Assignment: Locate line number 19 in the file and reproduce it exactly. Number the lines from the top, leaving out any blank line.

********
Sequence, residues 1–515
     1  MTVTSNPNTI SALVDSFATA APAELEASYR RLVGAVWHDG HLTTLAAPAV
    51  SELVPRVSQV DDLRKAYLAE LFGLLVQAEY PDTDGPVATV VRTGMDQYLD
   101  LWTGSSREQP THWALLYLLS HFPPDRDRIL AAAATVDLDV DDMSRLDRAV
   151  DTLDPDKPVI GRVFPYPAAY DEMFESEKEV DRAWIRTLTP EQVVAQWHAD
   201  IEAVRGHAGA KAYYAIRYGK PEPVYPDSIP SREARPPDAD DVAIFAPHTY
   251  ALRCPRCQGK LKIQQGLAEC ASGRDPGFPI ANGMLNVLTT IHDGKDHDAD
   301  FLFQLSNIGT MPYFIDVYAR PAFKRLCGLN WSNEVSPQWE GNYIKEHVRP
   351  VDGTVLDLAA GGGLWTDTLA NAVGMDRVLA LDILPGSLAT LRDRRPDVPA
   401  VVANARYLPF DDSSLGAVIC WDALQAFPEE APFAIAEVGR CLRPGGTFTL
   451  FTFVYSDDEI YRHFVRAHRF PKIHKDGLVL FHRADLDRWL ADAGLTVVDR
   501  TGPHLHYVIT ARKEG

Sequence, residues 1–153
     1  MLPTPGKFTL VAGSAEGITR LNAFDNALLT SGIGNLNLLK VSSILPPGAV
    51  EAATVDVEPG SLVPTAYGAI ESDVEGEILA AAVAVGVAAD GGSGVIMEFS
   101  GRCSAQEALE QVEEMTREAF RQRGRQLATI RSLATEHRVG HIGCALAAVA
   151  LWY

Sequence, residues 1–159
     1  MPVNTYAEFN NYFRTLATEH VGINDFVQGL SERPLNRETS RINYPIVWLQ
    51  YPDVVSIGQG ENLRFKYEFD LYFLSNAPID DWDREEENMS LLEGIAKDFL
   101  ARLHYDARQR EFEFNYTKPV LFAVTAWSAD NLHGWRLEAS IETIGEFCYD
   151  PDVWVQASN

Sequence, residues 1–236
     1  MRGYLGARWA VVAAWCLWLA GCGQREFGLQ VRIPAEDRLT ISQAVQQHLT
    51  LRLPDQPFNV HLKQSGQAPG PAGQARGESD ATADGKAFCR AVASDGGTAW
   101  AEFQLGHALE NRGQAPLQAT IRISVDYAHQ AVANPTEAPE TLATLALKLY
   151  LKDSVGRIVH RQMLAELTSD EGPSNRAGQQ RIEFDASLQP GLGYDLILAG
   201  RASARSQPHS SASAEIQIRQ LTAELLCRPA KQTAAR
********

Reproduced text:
     1  MPVNTYAEFN NYFRTLATEH VGINDFVQGL SERPLNRETS RINYPIVWLQ